Hospital admissions among autistic children increase with air pollution exposure

Autism Spectrum Disorder (ASD) affects one in 100 children. Now a potential link between poor air quality and systemic inflammation has been identified in those with the diagnosis, raising risk factors. 

Research published this week in the BMJ Open journal points to an uptick in hospitalisations caused by exposure to ambient air pollution among children with autism. 

red vehicle in timelapse photography

Issues including hyperactivity, aggression, and self-injury are among the most common reasons children with ASD are admitted to hospital, with neuroinflammation and systemic inflammation two root causes of those problems. According to the study, poor air quality may be responsible for aggravating such symptoms, in turn driving hospitalisations. 

While previous investigations looking at a potential correlation in this area have centred on long-term exposure during pregnancy and the early postnatal period, by comparison, this most recent work looked at the impact of short-term exposure among school-age children. The team responsible studied participants who were aged between five and 14 years between 1st January 2011 and 31st December 2015 in South Korea. You can find the full study framework and original report here.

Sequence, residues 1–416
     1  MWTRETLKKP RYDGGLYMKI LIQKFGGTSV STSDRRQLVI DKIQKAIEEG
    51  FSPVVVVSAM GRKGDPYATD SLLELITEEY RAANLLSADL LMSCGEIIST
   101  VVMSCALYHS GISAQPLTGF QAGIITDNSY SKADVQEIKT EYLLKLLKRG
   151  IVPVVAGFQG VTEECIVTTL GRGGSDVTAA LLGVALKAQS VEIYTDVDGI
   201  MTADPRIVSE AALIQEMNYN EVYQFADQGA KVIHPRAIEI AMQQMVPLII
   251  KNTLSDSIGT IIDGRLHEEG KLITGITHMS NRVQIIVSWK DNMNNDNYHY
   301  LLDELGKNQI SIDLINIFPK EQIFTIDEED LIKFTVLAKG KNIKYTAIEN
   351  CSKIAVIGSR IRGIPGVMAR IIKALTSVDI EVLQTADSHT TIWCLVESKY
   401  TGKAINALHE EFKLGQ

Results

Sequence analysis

According to the results: ‘Short-term exposure to PM2.5, NO2 and O3 was associated with a higher risk of hospital admissions for ASD. The associations were demonstrated to be more prominent among boys than among girls.

‘Short-term exposure to air pollution has been shown to be associated with a higher risk of hospital admission or emergency department visit for psychiatric disorders, such as mental disorder, depression, schizophrenia, suicide attempt, substance abuse disorder and panic attack. However, to the best of our knowledge, no direct evidence, except this study, exists on the association between short-term exposure to air pollution and ASD symptom aggravation,’ it continued. 

Links between air pollution and neurological function have featured in Air Quality News a number of times before. This includes research suggesting that improving air quality can reduce the risk of dementia, and a study pointing to potential change in brain connectivity among children exposed to polluted air. 

Image: Camilo Jimenez



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